from Wiktionary, Creative Commons Attribution/Share-Alike License
- n. An overly formal person, especially one who adheres to current forms; a stickler
- n. An advocate of formalism
- adj. Of or pertaining to formalism; formalistic
from the GNU version of the Collaborative International Dictionary of English
- n. One overattentive to forms, or too much confined to them; esp., one who rests in external religious forms, or observes strictly the outward forms of worship, without possessing the life and spirit of religion.
from The Century Dictionary and Cyclopedia
- n. One who adheres strictly to established custom, form, or usage, as in style, conduct, or procedure; one who is attached to the observance of recognized modes or methods; also, one who has undue regard to forms and rules.
- n. In philosophy, one who denies the existence of matter and recognizes the existence of form only; an idealist.
It might for someone like me, or like Justice White (both of us are strongly legal realist in our orientation, as you may have guessed) but the point of being a formalist is that if you don't play by the rules, you don't get the result you are seeking.
News at Eleven: Richard Wilbur is regarded, not always to his liking, as a leading "formalist"--"formal" can be found near "formaldehyde" in the dictionary, he jokes--a master of traditional, tempered verse that can seem old-fashioned in more radical times.
Frankenthaler's works were true to this so-called formalist aesthetic.
Of all people, a formalist will be the last to say otherwise.
It wouldn't do, for example, to substitute "formalist" for "legal conservative" here, because that term is too narrow: the late Chief Justice, of course, was a "legal conservative," but whatever one could say about Rehnquist, I don't think that he could honestly be called a formalist.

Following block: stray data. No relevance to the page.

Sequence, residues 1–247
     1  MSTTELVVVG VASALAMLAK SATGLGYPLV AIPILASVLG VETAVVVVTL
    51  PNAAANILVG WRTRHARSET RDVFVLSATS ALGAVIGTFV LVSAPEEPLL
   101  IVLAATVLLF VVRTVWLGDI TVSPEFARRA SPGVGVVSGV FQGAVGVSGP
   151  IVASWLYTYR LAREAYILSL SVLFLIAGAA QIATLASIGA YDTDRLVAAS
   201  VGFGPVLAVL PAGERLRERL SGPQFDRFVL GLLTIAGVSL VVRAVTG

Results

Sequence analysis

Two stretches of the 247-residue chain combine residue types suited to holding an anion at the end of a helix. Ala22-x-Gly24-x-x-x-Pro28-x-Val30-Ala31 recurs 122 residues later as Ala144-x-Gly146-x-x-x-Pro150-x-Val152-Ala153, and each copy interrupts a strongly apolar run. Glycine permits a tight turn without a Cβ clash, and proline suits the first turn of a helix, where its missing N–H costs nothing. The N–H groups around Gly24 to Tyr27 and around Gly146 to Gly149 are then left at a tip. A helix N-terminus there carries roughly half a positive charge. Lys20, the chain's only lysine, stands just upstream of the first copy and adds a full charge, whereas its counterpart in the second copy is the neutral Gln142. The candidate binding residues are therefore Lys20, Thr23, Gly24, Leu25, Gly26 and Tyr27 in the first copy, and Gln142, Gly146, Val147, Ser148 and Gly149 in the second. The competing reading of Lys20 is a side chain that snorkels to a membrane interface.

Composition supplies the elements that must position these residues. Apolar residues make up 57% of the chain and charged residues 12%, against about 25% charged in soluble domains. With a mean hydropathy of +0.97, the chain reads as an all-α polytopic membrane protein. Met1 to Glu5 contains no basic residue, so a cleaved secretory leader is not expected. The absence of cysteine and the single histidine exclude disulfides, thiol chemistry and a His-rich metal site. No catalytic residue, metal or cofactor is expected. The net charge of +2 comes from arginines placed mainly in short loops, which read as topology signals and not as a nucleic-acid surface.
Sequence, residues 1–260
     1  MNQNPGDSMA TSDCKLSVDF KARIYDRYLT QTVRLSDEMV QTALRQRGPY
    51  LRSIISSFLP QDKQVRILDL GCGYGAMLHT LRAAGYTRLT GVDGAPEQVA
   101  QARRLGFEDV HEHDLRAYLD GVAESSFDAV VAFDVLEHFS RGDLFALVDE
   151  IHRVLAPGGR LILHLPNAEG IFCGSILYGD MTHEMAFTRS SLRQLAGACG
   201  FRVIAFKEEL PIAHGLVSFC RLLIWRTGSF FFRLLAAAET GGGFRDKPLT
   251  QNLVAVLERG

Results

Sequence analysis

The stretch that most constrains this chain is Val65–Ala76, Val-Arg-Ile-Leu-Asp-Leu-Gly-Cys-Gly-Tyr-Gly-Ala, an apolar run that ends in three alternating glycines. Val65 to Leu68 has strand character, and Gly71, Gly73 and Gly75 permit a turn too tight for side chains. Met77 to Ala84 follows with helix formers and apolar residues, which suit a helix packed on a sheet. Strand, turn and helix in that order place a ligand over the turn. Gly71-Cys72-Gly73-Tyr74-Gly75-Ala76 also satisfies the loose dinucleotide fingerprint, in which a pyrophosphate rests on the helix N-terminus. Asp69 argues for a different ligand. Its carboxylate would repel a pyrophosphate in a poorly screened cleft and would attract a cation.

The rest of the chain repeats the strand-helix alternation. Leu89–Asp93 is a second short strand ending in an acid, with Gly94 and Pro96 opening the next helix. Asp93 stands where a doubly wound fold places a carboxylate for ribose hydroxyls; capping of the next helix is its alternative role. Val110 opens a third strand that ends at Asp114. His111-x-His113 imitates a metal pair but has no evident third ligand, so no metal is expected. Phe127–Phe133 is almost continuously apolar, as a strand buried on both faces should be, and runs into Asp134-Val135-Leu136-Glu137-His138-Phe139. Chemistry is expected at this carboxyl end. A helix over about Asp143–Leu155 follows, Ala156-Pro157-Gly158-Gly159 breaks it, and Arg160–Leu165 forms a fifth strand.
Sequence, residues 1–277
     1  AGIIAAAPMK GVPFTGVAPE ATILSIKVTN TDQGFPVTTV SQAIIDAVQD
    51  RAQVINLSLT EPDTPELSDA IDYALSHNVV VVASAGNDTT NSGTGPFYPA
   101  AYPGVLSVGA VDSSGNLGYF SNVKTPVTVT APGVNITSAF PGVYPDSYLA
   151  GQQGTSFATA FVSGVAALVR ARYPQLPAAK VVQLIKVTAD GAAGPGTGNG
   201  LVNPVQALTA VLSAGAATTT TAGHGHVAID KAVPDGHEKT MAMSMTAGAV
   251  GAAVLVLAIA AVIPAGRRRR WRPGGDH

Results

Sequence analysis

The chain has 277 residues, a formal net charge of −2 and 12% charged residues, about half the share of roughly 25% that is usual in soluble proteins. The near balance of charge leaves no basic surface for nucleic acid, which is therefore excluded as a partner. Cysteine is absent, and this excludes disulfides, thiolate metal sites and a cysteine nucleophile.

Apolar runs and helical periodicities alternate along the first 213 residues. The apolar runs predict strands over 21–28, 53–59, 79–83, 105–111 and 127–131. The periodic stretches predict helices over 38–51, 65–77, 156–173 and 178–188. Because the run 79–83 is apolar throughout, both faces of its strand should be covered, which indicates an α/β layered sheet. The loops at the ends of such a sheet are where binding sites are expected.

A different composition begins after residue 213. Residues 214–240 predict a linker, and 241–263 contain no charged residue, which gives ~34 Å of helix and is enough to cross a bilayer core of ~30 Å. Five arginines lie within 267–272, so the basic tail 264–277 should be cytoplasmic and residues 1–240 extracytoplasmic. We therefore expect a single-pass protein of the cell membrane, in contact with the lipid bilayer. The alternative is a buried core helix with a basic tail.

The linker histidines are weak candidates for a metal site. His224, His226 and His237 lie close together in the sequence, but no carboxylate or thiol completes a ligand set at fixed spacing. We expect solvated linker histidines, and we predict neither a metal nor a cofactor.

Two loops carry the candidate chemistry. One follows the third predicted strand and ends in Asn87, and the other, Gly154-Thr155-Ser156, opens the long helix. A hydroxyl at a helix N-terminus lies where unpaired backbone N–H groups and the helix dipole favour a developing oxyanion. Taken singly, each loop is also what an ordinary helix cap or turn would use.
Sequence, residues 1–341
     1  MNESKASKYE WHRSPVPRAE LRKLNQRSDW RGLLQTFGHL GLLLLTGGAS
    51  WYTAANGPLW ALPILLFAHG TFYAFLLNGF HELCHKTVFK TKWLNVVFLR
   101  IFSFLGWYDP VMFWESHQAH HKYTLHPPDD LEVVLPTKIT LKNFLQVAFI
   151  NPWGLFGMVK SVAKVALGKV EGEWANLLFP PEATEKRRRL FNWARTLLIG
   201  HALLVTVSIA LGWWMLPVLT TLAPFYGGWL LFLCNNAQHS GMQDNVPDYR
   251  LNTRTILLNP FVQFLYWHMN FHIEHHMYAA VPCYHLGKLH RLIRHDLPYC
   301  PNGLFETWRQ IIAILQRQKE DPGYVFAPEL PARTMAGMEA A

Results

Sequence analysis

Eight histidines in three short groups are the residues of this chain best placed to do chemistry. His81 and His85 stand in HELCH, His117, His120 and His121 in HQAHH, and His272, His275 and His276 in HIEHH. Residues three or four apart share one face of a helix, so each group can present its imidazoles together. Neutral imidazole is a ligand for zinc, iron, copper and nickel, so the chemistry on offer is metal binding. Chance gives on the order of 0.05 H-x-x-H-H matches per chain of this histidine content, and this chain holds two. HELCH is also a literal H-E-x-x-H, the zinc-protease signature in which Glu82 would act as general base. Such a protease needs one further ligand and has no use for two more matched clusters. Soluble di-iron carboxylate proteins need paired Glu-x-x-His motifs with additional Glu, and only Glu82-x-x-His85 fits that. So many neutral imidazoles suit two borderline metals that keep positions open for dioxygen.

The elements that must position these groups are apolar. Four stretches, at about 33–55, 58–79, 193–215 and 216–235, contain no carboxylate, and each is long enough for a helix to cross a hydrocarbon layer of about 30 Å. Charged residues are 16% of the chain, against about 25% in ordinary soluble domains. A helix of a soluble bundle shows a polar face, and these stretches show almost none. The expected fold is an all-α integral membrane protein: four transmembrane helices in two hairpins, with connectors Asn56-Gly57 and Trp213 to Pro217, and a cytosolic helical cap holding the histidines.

This "close reading" may seem deliberately old-fashioned and "formalist," because it is.
Remizov; they were taught (in the very precise sense of the word -- they had regular classes) by Zamyatin; and explained the general principles of Art by the gifted and light-minded young "formalist" critic, Victor Shklovsky.
Like the younger composer he also stepped over the mark on occasion and was branded a "formalist" before apologies and conformist material re-established a secure position, though he was never able to fully express himself under these conditions.
It will also give us real insights into whether there is a working majority on the court for a "formalist" approach to the separation of powers.
Often described as the return of content, it can be so named only by someone who thinks that abstract painting is devoid of content or that Edward Weston's "formalist" photos have nothing to say about the landscapes, vegetables, and nudes they picture.